Although the music industry has only existed for nearly a century, the necessity to protect its the work of its creators were predicted by America’s Founding Fathers. Article I Section 8 Clause 8 of the US Constitution says “[The Congress shall have the Power] To promote the Progress of Science and useful Arts, by securing for limited Times to Authors and Inventors the exclusive Right to their respective Writings and Discoveries”.
Preceded by several laws going as far back as 1790, the most recent Copyright Act has been in effect in the United States since January 1, 1978. A vast majority of this article is based on that particular piece of legislation along with several amendments that came into effect after.
So, what is copyright? Copyright is essentially protection for the ownership of intellectual property. While we will be focusing on the mediums of compositions and sound recordings (important distinction we will discuss later), other mediums also protected by copyright include but are not limited to photos, films, musical productions, choreography, books, and architectural designs. Regardless of the medium, copyright lasts for 70 years after the last remaining owner has died.
Upon the creation of a work, Copyright is automatically granted.
According to Section 102 of the Copyright Act, a work does not have to be registered with the Copyright Office in order for it to receive protection; a work is granted copyright as soon as it is “fixed”.
However, the Copyright Office encourages registration as it “establishes...: the title of the work, the author of the work, the name and address of the claimant or owner of the copyright, the year of creation, whether the work is published, whether the work has been previously registered, and whether the work includes pre-existing material”. In cases of copyright infringement, these facts are essential evidence. In addition, it gives potential licensees accurate information to pursue a licensing agreement.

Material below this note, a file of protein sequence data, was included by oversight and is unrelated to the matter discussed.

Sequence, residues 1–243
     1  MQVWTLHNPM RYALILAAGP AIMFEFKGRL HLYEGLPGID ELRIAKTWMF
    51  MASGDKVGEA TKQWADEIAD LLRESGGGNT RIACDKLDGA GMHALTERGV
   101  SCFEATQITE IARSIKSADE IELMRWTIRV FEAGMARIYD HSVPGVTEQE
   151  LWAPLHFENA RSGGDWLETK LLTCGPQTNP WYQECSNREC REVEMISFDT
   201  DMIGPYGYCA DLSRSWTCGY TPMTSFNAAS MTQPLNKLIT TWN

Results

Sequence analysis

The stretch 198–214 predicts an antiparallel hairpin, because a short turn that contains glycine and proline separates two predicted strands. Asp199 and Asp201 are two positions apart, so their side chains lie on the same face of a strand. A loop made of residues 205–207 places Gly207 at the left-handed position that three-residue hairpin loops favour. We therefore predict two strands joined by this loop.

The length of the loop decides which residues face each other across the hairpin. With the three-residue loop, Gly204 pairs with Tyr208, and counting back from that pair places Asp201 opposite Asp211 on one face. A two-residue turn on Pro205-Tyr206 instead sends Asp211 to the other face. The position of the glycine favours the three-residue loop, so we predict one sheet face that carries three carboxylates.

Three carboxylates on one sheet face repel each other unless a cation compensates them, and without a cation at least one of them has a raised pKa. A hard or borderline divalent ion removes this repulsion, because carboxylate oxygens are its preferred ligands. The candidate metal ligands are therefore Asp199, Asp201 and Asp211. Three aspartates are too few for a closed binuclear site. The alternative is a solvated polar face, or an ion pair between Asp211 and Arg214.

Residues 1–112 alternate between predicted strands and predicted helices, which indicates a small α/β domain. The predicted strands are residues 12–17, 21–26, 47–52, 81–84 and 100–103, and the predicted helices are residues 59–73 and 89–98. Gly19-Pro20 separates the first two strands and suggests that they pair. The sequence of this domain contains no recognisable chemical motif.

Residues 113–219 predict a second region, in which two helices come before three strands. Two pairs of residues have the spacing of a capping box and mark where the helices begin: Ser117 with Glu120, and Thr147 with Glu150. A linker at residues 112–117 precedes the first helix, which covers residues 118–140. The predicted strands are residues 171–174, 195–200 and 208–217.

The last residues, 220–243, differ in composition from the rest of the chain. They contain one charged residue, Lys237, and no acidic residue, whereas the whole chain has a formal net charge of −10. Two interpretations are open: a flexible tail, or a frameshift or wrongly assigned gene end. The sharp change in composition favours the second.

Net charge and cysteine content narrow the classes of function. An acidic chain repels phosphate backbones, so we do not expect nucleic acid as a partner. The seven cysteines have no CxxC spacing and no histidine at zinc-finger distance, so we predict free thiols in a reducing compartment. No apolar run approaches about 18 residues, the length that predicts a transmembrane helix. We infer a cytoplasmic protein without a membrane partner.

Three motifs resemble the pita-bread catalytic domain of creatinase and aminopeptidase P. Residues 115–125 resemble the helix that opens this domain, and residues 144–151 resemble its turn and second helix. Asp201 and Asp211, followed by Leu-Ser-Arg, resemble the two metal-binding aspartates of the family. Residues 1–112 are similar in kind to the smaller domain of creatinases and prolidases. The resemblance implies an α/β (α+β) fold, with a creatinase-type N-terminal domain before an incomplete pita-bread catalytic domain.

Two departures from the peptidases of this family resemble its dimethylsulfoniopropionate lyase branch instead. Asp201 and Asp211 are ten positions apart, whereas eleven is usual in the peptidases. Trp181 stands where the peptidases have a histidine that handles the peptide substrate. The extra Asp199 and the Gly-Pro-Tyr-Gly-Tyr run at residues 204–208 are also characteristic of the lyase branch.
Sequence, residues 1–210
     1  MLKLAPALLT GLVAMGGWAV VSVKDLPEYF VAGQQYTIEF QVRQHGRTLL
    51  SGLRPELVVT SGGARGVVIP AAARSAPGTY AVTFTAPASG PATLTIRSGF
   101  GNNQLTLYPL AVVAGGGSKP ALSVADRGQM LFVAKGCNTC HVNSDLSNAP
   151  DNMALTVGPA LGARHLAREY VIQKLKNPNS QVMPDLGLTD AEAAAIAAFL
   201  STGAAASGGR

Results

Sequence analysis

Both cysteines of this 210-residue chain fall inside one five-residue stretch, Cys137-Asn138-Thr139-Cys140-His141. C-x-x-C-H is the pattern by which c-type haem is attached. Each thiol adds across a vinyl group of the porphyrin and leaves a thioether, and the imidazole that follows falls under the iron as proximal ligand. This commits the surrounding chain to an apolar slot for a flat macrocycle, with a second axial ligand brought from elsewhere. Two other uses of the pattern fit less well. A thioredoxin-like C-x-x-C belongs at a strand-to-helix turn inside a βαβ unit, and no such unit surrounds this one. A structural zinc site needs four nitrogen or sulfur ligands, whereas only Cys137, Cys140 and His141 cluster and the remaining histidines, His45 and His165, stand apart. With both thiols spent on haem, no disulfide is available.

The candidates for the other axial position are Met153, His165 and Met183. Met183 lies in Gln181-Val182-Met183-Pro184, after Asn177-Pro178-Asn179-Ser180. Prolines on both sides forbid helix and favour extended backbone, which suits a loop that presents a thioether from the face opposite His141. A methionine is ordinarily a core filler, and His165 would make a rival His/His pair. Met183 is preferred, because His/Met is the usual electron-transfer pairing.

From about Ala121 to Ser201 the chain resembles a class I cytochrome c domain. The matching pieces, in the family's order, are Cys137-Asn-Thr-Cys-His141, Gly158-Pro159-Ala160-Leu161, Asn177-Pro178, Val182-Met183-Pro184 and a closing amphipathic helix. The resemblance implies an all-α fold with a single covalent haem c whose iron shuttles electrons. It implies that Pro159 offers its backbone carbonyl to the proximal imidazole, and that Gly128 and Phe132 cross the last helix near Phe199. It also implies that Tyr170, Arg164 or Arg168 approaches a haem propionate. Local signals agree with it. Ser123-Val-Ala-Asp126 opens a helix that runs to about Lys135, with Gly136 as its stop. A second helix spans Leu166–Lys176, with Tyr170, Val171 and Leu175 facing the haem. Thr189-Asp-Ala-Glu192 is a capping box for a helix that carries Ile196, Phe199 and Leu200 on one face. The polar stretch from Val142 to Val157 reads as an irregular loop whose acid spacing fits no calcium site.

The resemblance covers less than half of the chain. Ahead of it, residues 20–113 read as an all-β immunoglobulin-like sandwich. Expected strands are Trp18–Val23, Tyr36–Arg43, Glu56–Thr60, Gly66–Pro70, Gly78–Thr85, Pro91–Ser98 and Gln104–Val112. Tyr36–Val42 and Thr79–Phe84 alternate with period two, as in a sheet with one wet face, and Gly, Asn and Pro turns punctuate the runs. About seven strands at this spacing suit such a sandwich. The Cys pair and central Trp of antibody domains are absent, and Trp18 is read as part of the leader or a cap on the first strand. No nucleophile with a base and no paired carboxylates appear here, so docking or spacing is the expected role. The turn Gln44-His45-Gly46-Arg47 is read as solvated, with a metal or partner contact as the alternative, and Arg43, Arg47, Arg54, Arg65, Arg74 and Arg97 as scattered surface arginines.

Although optional, a copyright notice is an important tool to use at your disposal. By using a copyright notice on your work, it notifies users that is in fact copyrighted, gives a point of contact for parties interested in licensing, and identifies the year of first publication. The proper format to do is ©, ℗, or the word copyright, followed by the year of publication and name of the copyright owner.
℗ should be used specifically for phonorecords (sound recordings) while © should be used for all other mediums. Additionally, you may add “All Rights Reserved” to indicate that you reserve all the rights granted by the Copyright Law.
Below is an example:
©2019 Schnauz Record Company. All Rights Reserved.
Differentiating Copyrights for Compositions and Sound Recordings
A song (also known as the underlying work) and the recording of that song have separate copyrights. Let’s use Muse's “Uprising” for example. The underlying song was written by Matt Bellamy, and therefore was the copyright owner upon fixation. Afterwards, he decided to share ownership with his publishing company Loosechord Limited. When Muse recorded the song, ownership of that recording was granted to their record label, Helium-3. This distinction is critical to understanding how your rights work and how to access all possible streams of revenue.
Section 106 of the Copyright Law establishes six exclusive rights granted to the Copyright owner of a work.